From the time of mid-1960s when those who argued for liberalisation were traduced as “agents of capitalists” as “World Bank-IMF men”, India has come a long way but there is still lots to be done as per many experts including Arun Shourie, the noted winner of the Ramon Magsaysay Award for Journalism in 1982.
Shri Arun Shourie’s Book “We Must Have No Price” can be purchased from Amazon – click here and Flipkart – click here.
According to Shourie, India only changed its stand towards “socialism” when the Soviet Union itself broke, in a word, as the Marxist Quran got disowned in its own Mecca. As yet Shourie says that the correctives were not set in motion until there was a complete breakdown in India’s external account to furnish the weak and imprisoned political class the excuse to do the obvious things.
The major issue he says with Reforms in India has been that “Reforms of the more basic sort have been implemented only during two phases: during 1991-1993, the first half of the Prime Ministership of PV Narasimha Rao, and during 1997-2004, the Prime Ministership of Atal Bihari Vajpayee. As against these, Reforms in China have been more or less a continuous pursuit.”
He mentions in the book, “We Must Have No Price” that just as our leaders were for “Socialism for the masses”, many of our entrepreneurs are for “Liberalisation in all sectors except mine”. This he says is an unexpected obstacle that reforms have to face. As per Shourie, one well-known problem in executing Reforms is that “Those who are liable to benefit from them are diffuse and scattered, and the benefits that are liable to accrue to them lie in the indefinite future; on the other hand, the dislocations that Reforms are liable to cause are here and now; the ones Reforms are liable to dislocate are concentrated in industries, in tight geographical areas; they are liable to be organised.”
Also several characteristics of the media propel it to be an obstacle to Reforms as per Shourie. He says for media, everything comes to have two sides. At the least, national resolve is dissipated: people are dissuaded in advance from putting up with any dislocation for the change. The difficulty is compounded by what has come to be the very nature of “news”. Shourie says that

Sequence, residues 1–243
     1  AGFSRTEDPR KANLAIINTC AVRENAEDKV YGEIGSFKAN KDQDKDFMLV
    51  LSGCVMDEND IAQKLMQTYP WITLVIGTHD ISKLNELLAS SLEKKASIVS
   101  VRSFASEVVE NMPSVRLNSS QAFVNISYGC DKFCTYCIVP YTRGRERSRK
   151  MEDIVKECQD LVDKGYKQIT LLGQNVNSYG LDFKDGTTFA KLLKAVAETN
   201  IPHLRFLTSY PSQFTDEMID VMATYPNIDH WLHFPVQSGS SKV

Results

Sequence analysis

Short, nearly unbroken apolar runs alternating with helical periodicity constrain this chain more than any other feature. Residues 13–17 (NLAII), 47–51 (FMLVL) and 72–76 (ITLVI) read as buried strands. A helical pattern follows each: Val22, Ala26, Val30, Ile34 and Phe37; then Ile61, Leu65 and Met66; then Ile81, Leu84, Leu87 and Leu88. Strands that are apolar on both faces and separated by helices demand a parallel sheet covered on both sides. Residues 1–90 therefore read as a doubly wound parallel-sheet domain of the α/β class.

“The media will be full of stories of inefficiencies of the way things are. But the moment you change them, journalists will rush to the person opposing the changes, to the workers who have opted for the Retirement package, to allies of the Government who are opposing the reform.”
Just as Prime Minister Narendra Modi has always advocated the role of States in bringing about Reforms and not just leave it to the Central Government, so advocates Shourie. He says, “It is a fashion today to say that Reforms should be “inclusive”. But, in our Constitution, each of the sectors that would ensure immediate benefits to the rural areas, to the poor are in the States’ or the concurrent list.”
These sectors include Agriculture; Irrigation; Health; Education; Rural infrastructure, in particular rural roads; Drinking water; Electricity; Housing. When you implement Reforms but there is no improvement in these, the people are easily led to believe, “They are only worried about the industrialists.” The Left as well as the activists get the ammunition to shout, “Reforms are elitist.”
“One of the principal steps that can be taken today to push Reforms is to reshape allocations among States so as to hugely reward the ones that carry through the changes that the country needs.”
Shourie, however, sadly concludes that even when there is a pressing need for them, just don’t get done. A succession of Finance Ministers have announced plans to reform the Public Distribution System; to bring down government equity in banks; to open up sectors like insurance more aggressively; to overhaul the pension system, but none has been able to make any headway on any of them.